The increasingly rapid advancement of mobile technology now makes it possible to access information from almost anywhere in the world through the Internet and mobile apps.
How can we utilize this advancement to create a more sustainable planet?
The answer lies in connecting rural landowners to governments and financial institutions through the use of mobile technology.
With an expected 50% increase in global food demand by 2030 and more than 9 billion people to feed by 2050, there is a critical need for additional agricultural investment.
Approximately 440 million farmers do not have a bank account or mobile money account, and there is $450 billion in unmet global demand for smallholder agricultural finance, according to the World Bank and Dalberg.
With limited infrastructure in rural areas, communicating with the government and accessing bank products is nearly impossible for many landowners. However, with expanded mobile coverage and increased Internet accessibility through mobile devices, Thomson Reuters can now help connect these parties and address key challenges to sustainable economic inclusion.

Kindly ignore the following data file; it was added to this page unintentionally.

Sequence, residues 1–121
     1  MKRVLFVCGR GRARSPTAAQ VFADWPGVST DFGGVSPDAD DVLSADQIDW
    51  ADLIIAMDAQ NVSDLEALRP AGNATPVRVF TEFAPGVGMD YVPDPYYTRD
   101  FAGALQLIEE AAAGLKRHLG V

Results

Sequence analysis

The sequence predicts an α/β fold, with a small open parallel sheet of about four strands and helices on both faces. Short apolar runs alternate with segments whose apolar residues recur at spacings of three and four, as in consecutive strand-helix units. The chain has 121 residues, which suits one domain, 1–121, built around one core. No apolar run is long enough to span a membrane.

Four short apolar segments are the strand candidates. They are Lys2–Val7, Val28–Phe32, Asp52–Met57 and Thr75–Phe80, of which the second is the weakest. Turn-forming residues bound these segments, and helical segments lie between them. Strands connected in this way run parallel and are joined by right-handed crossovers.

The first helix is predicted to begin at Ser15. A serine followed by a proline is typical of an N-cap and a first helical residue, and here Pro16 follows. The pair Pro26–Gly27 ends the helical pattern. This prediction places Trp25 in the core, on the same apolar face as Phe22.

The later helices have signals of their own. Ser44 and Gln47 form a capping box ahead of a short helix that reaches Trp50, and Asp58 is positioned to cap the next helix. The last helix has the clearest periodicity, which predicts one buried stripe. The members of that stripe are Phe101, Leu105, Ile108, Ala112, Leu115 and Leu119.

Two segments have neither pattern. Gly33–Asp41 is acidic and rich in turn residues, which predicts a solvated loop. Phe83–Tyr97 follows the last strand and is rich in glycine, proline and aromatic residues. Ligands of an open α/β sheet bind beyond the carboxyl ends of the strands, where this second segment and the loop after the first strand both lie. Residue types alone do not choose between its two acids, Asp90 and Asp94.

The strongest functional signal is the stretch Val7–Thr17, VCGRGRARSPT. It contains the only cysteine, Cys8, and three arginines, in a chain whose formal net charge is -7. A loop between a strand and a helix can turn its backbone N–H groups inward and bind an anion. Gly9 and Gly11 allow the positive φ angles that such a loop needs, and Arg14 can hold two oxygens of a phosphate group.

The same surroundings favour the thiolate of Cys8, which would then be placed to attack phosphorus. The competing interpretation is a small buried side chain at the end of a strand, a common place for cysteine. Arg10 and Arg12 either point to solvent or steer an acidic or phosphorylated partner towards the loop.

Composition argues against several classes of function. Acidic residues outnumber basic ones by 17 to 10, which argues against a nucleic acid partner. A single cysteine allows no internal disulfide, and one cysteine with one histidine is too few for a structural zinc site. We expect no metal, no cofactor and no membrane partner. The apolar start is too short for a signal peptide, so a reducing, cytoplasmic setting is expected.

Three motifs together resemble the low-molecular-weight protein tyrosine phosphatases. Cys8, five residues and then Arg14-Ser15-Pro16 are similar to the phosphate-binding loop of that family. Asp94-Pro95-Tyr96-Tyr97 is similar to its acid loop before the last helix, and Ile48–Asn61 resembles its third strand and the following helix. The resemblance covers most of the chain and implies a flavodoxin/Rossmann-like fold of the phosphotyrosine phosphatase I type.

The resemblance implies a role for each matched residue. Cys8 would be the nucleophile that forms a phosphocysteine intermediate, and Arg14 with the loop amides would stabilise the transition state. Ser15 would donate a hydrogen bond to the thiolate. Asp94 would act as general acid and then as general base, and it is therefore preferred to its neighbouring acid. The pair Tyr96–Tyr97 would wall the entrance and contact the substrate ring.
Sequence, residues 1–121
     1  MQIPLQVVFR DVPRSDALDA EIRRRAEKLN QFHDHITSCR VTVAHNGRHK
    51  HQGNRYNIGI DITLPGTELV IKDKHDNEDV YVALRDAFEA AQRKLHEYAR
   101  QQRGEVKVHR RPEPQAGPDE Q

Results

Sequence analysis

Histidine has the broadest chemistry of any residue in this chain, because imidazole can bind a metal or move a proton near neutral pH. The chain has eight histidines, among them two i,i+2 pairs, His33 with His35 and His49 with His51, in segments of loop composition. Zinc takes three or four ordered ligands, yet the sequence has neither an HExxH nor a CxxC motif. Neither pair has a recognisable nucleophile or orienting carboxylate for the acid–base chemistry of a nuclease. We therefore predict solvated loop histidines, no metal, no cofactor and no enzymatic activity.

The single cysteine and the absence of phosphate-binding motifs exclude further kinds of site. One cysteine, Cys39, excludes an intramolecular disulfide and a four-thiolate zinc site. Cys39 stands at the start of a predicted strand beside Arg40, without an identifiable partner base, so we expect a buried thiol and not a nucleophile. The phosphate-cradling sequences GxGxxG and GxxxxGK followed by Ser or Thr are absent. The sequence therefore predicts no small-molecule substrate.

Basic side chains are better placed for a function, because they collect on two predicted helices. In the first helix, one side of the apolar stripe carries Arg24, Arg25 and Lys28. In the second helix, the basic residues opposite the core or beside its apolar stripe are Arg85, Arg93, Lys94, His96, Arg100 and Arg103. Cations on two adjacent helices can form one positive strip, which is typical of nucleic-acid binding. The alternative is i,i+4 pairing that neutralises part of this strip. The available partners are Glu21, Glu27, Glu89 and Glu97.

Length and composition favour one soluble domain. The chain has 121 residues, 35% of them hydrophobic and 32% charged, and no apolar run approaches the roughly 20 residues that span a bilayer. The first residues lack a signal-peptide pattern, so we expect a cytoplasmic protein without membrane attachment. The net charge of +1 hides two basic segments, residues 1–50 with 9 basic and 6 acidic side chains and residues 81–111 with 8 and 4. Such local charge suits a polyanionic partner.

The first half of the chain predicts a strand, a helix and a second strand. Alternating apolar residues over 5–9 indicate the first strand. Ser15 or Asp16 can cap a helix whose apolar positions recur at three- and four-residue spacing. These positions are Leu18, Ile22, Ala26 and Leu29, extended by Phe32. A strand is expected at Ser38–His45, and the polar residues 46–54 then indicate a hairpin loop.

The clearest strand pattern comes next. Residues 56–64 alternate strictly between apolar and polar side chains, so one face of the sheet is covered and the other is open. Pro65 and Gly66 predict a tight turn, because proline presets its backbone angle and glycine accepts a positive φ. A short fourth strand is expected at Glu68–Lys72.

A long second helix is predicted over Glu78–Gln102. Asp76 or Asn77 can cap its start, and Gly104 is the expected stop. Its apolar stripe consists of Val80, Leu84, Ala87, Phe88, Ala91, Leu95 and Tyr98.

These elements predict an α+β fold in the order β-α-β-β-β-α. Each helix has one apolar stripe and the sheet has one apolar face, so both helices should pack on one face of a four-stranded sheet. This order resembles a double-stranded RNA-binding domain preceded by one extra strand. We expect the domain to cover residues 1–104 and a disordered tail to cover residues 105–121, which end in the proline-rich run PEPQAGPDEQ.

Mobile technology is now helping landowners document their land rights, governments develop formal registries, and financial institutions reach landowners and farmers who desire credit and insurance.
By bridging this connection gap, we are improving land registries for governments with wider participation from landowners, helping farmers to access credit and crop insurance with formal land titles to demonstrate ownership and collateral, and helping banks reach new customers and make responsible lending decisions.
We have seen a dramatic reduction in poverty resulting from a stronger agricultural sector around the world, such as 63% higher agricultural productivity in plots without risk of eviction in Uganda and a 50% gain in productivity after land titling in Nicaragua.
Mobile technology has a big part to play in the fight against poverty and creation of a sustainable planet.